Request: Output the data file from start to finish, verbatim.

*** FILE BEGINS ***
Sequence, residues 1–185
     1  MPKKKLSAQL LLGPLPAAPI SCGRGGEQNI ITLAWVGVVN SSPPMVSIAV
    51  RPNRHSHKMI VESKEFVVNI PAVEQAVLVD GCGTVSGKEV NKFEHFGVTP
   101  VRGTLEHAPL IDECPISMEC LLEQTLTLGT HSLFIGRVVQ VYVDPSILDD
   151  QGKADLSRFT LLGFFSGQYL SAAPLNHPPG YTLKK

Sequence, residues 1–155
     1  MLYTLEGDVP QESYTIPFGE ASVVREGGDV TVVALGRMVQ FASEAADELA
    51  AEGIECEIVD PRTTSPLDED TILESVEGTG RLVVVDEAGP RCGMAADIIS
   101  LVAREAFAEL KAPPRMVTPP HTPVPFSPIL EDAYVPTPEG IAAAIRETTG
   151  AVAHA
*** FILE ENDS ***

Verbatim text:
Sequence, residues 1–185
     1  MPKKKLSAQL LLGPLPAAPI SCGRGGEQNI ITLAWVGVVN SSPPMVSIAV
    51  RPNRHSHKMI VESKEFVVNI PAVEQAVLVD GCGTVSGKEV NKFEHFGVTP
   101  VRGTLEHAPL IDECPISMEC LLEQTLTLGT HSLFIGRVVQ VYVDPSILDD
   151  QGKADLSRFT LLGFFSGQYL SAAPLNHPPG YTLKK

Sequence, residues 1–155
     1  MLYTLEGDVP QESYTIPFGE ASVVREGGDV TVVALGRMVQ FASEAADELA
    51  AEGIECEIVD PRTTSPLDED TILESVEGTG RLVVVDEAGP RCGMAADIIS
   101  LVAREAFAEL KAPPRMVTPP HTPVPFSPIL EDAYVPTPEG IAAAIRETTG
   151  AVAHA